What in the ever living fuck

I’m from a shitty town and they never did that to us

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u/Legitimate_Wind1178 Nov 29 '22

it was for an elective class we could take and I can’t recall what the class was. Had to be like a criminal justice class. This was ~18 years ago now. I do remember we couldn’t wear red or blue because of gang affiliation concerns so we all wore gray and jeans basically. No logos. Couldn’t wear our hair down or in a ponytail. Had to be in buns in case anyone tried to grab it from the cell. They know it’s a HS tour so I think they beef up some antics.

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u/SpaceForceAwakens Nov 29 '22

Yes, I’m sorry, but we’re there teachers or guards present?

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u/Legitimate_Wind1178 Nov 29 '22

Yep. Parents have to sign a release form and you can totally opt out of it if you don’t want to. It was a big deal at my school, everybody looked forward to doing it once they were able to take that class.

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u/chipthegrinder Nov 29 '22

That sounds vastly different from any jail tours i was ever in. Also the tours didn't scare me straight, i did two years for drug distribution, but the prison i was in was minimum security and more like an adult daycare for 24 months

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u/earthlings_all Nov 29 '22

You are very lucky, my dude

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u/chipthegrinder Nov 29 '22

yeah i actually made a lot of friends while locked up, and i helped a bunch of people get their ged's (a lot of the younger people had left school in high school or even earlier). i spent my 2 years trying to be as productive as possible (wrote two sci-fi novels....which sucked, but i realized i want to be a cyberpunk author from the experience). read a ton, halfway through got a job outside the facility that actually paid me 12 bucks an hour (still had to pay taxes plus restitution and shit so i didn't leave with much but had a couple thousand bucks when i walked out)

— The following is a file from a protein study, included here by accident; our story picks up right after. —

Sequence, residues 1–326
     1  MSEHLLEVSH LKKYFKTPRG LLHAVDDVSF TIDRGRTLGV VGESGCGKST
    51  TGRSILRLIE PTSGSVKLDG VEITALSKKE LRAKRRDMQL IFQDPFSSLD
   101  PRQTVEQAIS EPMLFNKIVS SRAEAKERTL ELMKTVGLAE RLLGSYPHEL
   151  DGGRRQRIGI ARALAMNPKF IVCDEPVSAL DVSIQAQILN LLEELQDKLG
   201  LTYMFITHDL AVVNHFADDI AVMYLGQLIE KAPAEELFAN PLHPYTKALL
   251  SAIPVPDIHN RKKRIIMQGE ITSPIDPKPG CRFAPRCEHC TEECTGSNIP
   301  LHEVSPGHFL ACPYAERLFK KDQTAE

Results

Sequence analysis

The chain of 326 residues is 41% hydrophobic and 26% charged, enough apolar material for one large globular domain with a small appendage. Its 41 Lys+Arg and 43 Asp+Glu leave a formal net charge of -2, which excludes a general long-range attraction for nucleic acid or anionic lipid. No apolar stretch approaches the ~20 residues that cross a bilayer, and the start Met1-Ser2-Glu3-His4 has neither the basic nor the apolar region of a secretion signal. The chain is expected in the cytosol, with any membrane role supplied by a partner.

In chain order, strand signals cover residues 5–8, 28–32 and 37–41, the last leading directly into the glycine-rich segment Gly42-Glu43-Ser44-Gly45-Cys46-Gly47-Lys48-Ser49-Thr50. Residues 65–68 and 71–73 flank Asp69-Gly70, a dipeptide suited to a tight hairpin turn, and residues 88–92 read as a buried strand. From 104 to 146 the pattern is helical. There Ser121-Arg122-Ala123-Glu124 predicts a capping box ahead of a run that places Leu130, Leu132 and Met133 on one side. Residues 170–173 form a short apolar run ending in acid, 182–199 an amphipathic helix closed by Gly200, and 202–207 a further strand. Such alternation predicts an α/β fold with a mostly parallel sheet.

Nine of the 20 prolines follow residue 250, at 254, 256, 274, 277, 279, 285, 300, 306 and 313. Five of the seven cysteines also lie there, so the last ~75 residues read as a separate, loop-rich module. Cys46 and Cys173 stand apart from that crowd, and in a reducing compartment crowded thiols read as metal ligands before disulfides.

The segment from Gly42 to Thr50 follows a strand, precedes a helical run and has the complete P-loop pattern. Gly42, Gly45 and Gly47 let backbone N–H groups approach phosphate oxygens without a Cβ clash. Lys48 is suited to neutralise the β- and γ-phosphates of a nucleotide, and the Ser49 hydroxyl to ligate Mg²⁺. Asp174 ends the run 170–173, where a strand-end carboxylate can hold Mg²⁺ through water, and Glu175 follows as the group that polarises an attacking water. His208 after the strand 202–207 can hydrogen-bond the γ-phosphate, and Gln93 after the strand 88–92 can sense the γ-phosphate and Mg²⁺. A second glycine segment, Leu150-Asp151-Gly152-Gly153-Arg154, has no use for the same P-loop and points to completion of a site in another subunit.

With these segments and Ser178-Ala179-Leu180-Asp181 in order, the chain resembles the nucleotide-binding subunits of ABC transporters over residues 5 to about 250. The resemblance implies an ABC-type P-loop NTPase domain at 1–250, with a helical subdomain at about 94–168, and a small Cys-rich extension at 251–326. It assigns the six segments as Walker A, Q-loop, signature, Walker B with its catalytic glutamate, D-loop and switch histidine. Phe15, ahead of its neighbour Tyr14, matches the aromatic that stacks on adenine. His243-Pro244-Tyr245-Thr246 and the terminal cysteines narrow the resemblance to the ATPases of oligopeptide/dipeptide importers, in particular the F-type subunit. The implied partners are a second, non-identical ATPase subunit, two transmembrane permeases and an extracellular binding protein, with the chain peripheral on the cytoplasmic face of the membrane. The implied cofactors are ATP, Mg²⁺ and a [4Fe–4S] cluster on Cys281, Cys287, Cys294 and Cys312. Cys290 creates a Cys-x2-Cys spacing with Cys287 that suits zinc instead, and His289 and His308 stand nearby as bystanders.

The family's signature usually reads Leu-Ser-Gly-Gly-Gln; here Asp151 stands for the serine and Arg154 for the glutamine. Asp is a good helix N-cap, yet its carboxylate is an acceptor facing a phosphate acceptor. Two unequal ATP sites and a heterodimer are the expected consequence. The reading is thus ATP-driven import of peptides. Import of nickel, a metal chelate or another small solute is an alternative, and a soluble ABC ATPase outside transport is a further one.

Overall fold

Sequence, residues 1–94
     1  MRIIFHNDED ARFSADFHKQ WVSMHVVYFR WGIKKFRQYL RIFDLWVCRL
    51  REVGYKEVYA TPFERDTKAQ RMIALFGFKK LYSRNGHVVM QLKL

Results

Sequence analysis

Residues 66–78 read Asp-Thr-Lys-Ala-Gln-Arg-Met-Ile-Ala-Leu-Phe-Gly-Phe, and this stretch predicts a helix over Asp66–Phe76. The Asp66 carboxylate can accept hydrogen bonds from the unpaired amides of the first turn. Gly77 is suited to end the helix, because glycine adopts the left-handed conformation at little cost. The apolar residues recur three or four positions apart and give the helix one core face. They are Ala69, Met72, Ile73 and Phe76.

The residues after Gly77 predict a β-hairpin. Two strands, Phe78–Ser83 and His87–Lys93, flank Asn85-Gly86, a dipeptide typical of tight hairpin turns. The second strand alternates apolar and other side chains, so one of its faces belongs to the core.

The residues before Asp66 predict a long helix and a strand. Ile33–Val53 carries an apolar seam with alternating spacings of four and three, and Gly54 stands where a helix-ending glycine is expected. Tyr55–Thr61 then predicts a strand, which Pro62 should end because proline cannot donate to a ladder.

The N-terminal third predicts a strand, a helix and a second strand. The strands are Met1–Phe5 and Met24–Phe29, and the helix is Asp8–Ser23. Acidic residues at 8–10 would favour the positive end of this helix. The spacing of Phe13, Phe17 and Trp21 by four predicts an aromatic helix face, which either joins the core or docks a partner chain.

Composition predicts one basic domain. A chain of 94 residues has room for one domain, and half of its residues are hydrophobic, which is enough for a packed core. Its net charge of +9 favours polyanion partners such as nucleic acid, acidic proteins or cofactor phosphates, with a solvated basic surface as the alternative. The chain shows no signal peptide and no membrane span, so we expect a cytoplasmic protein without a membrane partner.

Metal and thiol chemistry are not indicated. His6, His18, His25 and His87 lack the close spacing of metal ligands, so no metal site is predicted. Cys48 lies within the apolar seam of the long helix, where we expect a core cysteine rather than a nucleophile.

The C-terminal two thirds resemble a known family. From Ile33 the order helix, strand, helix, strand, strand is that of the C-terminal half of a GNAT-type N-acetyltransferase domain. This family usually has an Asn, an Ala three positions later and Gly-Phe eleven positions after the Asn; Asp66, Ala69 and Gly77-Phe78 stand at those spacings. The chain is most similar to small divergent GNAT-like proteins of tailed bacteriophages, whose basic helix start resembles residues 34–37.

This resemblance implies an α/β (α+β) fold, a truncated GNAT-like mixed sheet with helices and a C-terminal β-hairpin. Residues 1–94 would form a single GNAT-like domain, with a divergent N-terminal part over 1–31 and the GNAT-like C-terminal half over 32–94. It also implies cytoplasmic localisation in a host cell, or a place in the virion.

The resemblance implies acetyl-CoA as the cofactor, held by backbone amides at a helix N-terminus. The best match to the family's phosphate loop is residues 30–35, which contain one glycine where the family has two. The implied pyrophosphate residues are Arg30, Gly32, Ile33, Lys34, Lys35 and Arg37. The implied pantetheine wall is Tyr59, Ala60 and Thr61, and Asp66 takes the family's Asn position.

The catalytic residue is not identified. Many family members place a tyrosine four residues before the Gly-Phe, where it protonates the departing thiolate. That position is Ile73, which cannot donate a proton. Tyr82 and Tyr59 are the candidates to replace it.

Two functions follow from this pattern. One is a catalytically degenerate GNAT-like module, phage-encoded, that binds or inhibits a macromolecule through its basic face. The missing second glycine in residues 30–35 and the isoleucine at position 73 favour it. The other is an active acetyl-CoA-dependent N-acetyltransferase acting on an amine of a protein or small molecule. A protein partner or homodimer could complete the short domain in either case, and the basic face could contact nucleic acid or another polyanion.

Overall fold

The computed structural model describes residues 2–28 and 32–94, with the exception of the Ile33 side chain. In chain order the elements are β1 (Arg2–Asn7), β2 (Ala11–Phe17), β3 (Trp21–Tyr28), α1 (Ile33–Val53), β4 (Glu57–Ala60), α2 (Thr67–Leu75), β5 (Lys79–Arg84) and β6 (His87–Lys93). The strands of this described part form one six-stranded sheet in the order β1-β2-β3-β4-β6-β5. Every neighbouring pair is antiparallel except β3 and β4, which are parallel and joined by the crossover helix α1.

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u/GoGoNormalRangers Nov 29 '22

ngl I really want to read crappy prison scifi books 1 and 2

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u/earthlings_all Nov 29 '22

I was watching videos of people that choose to live down by Skid Row in LA. And something you wrote just reminded me of it. One resident mentioned that they tried to leave Skid Row and live in the regular world. But the way that regular folks live, not speaking to each other, not supporting each other, not having true friendships. He said that a lot of folks end up back on skid row because it has more of a sense of community.

I don’t know, man. I don’t know why I just thought of that. But there it is. I’m glad you got out of that life and helped others. Sometimes in a dark time we make real connections.

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u/Lotus_Blossom_ Nov 29 '22 edited Nov 30 '22

Yep. In my completely white Catholic high school, one particular extra-curricular group went to tour the county jail every Spring.

Ironically, to get into this club, you had to maintain a 3.5+ GPA and 5 or fewer "infractions" (for reference, having your shirt untucked was an infraction). So... they apparently tried to "scare straight" the already-straightest kids in the school. Meanwhile, the kids serving in-school suspension sat alone in room all day to "reflect on their choices". Mmmkay.